Learning How to Target “Untargetable” Breast Cancer Through Basic Cancer Research
Sara Hanna Velarde, PhD, began her career in cancer research as a graduate student at the University of North Carolina in Chapel Hill (UNC), where she focused on melanoma, an aggressive form of skin cancer. Her graduate work investigated how transcription factors that are activated in low oxygen environments (hypoxia inducible factors) could contribute to metastasis. These studies instilled in Velarde a profound interest in cellular signaling and the role that these signaling pathways play in tumor growth and progression.
After receiving her doctorate, she moved on to a postdoctoral research position with Gary L. Johnson, PhD, also at UNC. Under Johnson’s mentorship, Velarde is now applying her knowledge of melanoma biology to triple negative breast cancer (TNBC), and in 2014, received the AACR-John and Elizabeth Leonard Family Foundation Basic Cancer Research Fellowship to support this work.
When asked why her focus shifted from melanoma to TNBC, Velarde explained that interesting similarities exist between these two seemingly different cancer types. “My graduate research in metastatic melanoma influenced my decision to study signaling pathways in aggressive, therapy resistant cancers, such as TNBC,” she says. “My experience and background with these pathways in metastatic melanoma has provided a strong foundation towards identifying possible targets in TNBC that lead to chemotherapy resistance.”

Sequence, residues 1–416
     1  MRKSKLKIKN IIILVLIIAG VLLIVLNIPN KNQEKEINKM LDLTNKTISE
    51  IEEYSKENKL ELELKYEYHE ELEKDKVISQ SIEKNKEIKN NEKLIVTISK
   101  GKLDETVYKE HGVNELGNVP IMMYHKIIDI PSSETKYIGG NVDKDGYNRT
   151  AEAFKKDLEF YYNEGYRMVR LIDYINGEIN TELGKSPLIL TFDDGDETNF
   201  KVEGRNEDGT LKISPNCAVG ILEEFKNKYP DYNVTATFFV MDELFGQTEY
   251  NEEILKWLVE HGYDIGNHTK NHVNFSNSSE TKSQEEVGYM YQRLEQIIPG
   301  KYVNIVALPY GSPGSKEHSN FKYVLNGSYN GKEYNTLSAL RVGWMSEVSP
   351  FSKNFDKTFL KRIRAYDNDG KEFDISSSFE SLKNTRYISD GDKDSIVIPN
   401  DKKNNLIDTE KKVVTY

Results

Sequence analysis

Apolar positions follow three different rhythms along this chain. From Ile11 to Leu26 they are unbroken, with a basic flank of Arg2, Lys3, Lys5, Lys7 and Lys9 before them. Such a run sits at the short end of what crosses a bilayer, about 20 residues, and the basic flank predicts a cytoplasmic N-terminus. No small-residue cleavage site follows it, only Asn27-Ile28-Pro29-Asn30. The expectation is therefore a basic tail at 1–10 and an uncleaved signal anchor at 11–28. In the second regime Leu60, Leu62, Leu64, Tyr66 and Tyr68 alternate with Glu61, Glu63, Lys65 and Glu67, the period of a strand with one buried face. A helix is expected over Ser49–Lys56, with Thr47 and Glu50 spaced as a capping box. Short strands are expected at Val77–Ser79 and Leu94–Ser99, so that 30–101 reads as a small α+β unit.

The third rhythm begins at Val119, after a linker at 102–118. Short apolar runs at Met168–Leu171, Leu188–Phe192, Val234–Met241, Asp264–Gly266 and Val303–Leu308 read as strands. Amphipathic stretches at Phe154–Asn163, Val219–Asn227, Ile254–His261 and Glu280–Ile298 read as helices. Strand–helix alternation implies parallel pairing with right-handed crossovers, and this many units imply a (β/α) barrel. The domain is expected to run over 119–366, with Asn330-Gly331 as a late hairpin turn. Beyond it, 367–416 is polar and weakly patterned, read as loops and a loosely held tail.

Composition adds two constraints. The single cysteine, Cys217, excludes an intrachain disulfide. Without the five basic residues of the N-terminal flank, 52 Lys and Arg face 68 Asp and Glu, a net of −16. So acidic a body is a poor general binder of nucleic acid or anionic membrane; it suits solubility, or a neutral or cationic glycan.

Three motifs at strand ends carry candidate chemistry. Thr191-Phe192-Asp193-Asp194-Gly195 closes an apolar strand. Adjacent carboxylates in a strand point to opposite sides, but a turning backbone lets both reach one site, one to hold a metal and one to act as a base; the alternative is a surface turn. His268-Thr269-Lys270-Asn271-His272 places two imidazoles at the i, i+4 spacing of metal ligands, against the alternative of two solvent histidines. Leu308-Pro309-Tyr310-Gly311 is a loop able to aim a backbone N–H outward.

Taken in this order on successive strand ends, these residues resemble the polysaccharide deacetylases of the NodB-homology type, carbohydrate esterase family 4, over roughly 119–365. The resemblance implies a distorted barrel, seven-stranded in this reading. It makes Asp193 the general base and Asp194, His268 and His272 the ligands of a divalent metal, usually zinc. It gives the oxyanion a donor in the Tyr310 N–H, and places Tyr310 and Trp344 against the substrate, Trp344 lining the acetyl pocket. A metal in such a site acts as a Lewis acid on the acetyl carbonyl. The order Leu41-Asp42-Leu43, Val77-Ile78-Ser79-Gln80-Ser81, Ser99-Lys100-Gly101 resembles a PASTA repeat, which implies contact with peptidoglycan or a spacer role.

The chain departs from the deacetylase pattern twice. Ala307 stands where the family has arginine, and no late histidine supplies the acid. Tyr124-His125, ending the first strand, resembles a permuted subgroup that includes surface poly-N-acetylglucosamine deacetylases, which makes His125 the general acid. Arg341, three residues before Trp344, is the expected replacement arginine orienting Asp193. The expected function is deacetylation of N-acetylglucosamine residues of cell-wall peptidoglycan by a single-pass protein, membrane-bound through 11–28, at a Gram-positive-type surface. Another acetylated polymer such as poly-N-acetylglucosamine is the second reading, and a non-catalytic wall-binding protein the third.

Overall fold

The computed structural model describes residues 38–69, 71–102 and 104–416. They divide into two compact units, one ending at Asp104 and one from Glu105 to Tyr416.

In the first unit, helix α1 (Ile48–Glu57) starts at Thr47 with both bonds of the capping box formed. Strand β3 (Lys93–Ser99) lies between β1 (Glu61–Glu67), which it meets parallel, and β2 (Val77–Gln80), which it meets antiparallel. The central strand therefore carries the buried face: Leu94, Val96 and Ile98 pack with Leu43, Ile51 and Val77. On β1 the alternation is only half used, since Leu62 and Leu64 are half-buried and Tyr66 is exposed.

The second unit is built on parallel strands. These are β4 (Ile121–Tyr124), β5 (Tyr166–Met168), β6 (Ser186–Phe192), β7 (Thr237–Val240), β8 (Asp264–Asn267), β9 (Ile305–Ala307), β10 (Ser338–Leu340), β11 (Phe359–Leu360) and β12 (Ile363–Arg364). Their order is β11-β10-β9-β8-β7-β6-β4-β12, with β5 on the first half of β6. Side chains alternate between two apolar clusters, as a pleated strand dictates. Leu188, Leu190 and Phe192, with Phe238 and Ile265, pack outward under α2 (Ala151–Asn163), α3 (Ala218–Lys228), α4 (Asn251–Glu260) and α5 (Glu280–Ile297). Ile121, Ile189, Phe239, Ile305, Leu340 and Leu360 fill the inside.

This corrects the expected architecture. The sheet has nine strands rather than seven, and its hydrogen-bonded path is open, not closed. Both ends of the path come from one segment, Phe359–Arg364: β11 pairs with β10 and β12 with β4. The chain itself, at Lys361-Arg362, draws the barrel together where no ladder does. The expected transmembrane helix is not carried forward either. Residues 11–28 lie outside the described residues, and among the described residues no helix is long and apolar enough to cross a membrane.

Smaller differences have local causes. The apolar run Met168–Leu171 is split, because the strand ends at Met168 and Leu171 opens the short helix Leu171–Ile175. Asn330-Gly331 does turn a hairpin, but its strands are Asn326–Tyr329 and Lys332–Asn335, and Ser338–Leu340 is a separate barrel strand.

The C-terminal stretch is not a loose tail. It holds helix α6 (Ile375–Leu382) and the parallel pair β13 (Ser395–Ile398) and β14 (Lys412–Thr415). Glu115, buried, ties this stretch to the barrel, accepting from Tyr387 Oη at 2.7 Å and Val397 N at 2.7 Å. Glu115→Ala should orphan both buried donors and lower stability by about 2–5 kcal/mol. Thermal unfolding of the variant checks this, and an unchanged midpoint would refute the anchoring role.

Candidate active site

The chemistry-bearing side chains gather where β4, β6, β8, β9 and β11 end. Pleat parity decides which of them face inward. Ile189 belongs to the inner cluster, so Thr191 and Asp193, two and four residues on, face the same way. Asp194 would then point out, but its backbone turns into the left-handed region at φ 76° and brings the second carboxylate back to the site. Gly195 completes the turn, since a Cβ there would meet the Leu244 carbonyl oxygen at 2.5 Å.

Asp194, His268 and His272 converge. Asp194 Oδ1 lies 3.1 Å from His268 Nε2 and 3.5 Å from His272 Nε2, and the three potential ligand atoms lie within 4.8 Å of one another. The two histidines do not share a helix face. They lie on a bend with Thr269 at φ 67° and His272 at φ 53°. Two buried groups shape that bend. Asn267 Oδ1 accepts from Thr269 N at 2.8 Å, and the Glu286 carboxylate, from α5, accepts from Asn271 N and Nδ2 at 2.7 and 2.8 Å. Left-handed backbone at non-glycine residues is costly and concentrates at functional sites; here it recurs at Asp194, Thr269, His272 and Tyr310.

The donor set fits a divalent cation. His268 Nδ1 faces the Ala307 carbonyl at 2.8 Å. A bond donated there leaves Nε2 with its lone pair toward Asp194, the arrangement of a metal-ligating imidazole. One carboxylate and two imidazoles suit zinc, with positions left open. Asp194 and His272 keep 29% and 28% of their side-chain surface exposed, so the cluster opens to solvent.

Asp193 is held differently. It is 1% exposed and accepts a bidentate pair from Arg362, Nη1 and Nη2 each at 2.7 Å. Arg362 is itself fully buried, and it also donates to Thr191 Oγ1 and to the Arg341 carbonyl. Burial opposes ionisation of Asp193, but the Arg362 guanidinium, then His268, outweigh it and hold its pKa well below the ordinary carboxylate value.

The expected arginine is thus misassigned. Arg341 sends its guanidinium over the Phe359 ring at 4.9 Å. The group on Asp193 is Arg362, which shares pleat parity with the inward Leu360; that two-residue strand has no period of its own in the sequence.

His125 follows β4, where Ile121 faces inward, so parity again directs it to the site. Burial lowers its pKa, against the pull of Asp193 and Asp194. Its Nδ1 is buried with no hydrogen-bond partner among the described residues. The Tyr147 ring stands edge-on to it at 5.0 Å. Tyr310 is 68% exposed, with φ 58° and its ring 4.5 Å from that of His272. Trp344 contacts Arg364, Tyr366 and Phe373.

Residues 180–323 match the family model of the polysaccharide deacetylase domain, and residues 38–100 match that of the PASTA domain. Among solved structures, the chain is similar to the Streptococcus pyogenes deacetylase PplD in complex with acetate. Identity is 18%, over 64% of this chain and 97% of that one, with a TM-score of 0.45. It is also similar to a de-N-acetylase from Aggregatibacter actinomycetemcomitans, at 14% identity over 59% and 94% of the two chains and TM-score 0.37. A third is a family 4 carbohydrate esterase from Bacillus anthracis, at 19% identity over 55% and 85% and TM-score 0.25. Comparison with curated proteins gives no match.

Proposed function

Identifying such targets is particularly critical for TNBC, as it is considered one of the most difficult to treat forms of breast cancer. “The difficulty in treating TNBC,” says Velarde, “is largely due to the lack of targetable receptors, which have made other types of breast cancer more treatable, leaving chemotherapy as the only treatment option.”
The search for these targets is at the center of Velarde’s project funded by her AACR-John and Elizabeth Leonard Family Foundation Basic Cancer Research Fellowship, which is designed to examine kinome dynamics in chemo-sensitive and -insensitive breast cancer. “My study will allow us to understand why certain TNBC tumors respond to chemotherapy, but others do not,” she notes. “By examining the differences between these tumors we can identify novel targets that could potentially increase the effectiveness of chemotherapy in the clinic.”
Velarde’s work is considered basic cancer research, often described as the scientific foundation upon which new clinical discoveries will be made. Indeed, she sees basic cancer research as an integral component of biomedical discovery. “Basic research is essential for improving our understanding of the signaling pathways involved in metastasis and resistance,” she says. “It allows for the identification of novel targets and, ultimately, the development of clinically effective therapeutics.”
Velarde’s fellowship term ended in June 2015, but she continues to work diligently towards her goal – to identify novel targets that can be used to develop greatly needed therapies for difficult to treat cancers like TNBC. “I am excited to continue this project and hope that the research can contribute to making therapy more effective for TNBC patients,” she says.